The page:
Pork, apple, and mustard meatloaf
Pork, apples, and mustard: a combination devised by the culinary gods. There’s savouriness from the meat, sweetness from the apple, and tang from the mustard. It’s everything that you might want in a dinner dish–and certainly in a meatloaf–and is so easy to put together it belies how tasty it is. It’s a perfect mid-week meal for when you want something a little unusual, but not challenging to prepare.
To bring more interest to this meatloaf, I’ve combined ground pork with sausage meat, as well as introduced some herbs to round off the flavours. You can buy basic sausage meat from your butcher for a fuss-free meatloaf, but if you have a preferred sausage you could always buy half a pound of those and skin them. There’s no reason why you couldn’t go for an all-ground-pork base, whether for thrift or convenience, but be sure to increase your seasonings to compensate for those you lose from the sausage meat.
Sage or thyme works a treat with the pork, apple, and mustard combination. I’ll leave it to you to choose your preferred herb. However, if the sausage meat that you use includes a particular seasoning, you might wish to echo that in the meatloaf mixture, to tie together the flavours.
It is important that when you grate the apple you give it a good squeeze to rid it of any excess liquid. A sloppy meatloaf mixture is difficult to handle and you’ll find that it shrinks unpleasantly in the oven, too. It’s easy enough to drop the grated apple into a sieve a squash it with a wooden spoon. You can always reserve the juice to drink yourself as a cook’s treat.
Being British, I’ve grown up with a fondness for mustard that’s eye-wateringly strong, but I appreciate that’s not to everyone’s taste. I do think that you need a little kick from a hotter mustard, though, so think about using a combination of two mustards of different strengths if all English doesn’t appeal.
Now let’s talk about cider. Over here in the UK, apple juice is just that, the unfermented juice from pressed apples. What we call cider is what’s known as hard cider in the US–potently alcoholic apple juice that’s a perfect thirst quencher on a summer’s day. The gravy for this meatloaf uses a combination of cider and stock to give a fruity, meaty sauce. As it’s quite light, I would recommend using a chicken stock. Beef would be overwhelming but vegetable might not stand up to the meatloaf. Don’t feel that this gravy recipe is restricted to accompanying this meatloaf alone, either. It would be great with any other pork dish that benefits from a gravy, especially a roast joint (mmm… crackling), and also with chicken. Chicken with apples and mustard isn’t such an outlandish combination. If you’ve not tried it before, give it a go.
This is the perfect meatloaf for autumn, when apples are in season and the nights are beginning to draw in, leaving you wanting a comforting supper to stave off the growing chill.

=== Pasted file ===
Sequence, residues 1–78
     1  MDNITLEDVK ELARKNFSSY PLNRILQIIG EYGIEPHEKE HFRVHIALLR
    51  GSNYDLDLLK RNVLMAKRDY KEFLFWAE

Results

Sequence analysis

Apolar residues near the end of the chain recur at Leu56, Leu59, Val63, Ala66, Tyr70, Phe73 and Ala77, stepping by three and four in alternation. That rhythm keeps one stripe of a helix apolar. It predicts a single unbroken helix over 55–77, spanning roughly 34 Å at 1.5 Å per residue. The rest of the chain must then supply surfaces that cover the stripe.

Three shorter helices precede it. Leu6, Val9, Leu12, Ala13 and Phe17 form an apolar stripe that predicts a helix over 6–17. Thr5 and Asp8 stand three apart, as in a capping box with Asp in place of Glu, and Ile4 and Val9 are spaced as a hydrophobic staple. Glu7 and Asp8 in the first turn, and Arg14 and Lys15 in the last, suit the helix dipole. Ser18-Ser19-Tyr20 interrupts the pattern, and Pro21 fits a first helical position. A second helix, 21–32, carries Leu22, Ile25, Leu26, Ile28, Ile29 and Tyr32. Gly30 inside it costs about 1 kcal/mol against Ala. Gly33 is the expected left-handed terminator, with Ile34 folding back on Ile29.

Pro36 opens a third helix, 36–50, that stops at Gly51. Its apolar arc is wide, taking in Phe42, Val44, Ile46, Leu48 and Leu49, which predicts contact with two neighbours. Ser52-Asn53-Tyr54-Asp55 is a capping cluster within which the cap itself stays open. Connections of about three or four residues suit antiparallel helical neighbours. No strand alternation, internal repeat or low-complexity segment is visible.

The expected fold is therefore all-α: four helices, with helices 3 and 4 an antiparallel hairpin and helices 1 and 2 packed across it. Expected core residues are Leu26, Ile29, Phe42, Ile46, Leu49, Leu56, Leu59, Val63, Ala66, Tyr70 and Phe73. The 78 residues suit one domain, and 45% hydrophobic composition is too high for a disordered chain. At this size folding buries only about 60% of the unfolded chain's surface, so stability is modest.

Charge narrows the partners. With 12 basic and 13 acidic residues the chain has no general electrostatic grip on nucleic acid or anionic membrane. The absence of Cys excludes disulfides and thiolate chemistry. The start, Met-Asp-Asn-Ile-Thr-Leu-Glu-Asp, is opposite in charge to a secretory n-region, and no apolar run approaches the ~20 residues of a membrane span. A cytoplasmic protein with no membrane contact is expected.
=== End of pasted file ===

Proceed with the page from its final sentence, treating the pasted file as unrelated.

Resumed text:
You will need:
450g (1 lb) ground pork
250g (8oz) sausage meat
2 slices bread, made into crumbs
1 eating apple, grated and squeezed of its juice
1 tablespoon mustard
1 onion, minced
2 cloves garlic, minced
1 tablespoon chopped fresh sage or thyme, whichever flavour you prefer
Salt and pepper
1 onion, chopped finely
1 tablespoon of oil or butter
1 tablespoon plain flour
300ml (10floz) cider
300ml (10floz) chicken stock
You will need to:
Begin by making your breadcrumbs. I use the end slices from a loaf of bread that has gone a bit stale. Waste not, want not, as the saying goes. If you use stale bread or the crust slices for your breadcrumbs, do toast it first; it makes them more pleasant to work with. There’s no compulsion to toast the bread if it’s fresh, although I find myself doing so anyway. I prefer the finer texture of toasted breadcrumbs. All they require is a quick whizz in the food processor.
Heat your oven to 170º Celsius (340º Fahrenheit).
When the breadcrumbs are ready, take all of the meatloaf ingredients and mix them together thoroughly in a large bowl. You’ll find that using your hands here is easiest. You can always wear a pair of gloves if you find the sensation unpleasant.
Transfer your meatloaf mixture to an oiled loaf pan and place it in the heated oven. It will take between 45 minutes and one hour to cook through. The top will have browned and the meatloaf will be pulling away from the edges of the pan when it is ready.
While the meatloaf is cooking, it’s time to get on with your cider gravy.
Fry a finely chopped onion in a tablespoon of fat until it has caramelised. Do it slowly, with a pinch of salt to help prevent the sugars from burning. When the onion has caramelised, stir in a tablespoon of plain flour and mix to a sticky roux.
Slowly pour in the cider, mixing all the while so that it won’t go lumpy. When all the cider has been added and come to the bubble, pour in the stock. Stir well and leave it to bubble and thicken over a medium-low heat. Just before you’re ready to serve check it for seasoning and then pass it through a sieve to get rid of the onion bits and any lumps.
Leave the meatloaf to stand for fifteen minutes before slicing it and serving with the gravy. Mashed potato is the traditional accompaniment to meatloaf, and it suits this recipe down to the ground. Serve it with vegetables of your choice, but let me whisper ‘leeks’ in your ear, and maybe even a glass of cider, if you feel like it.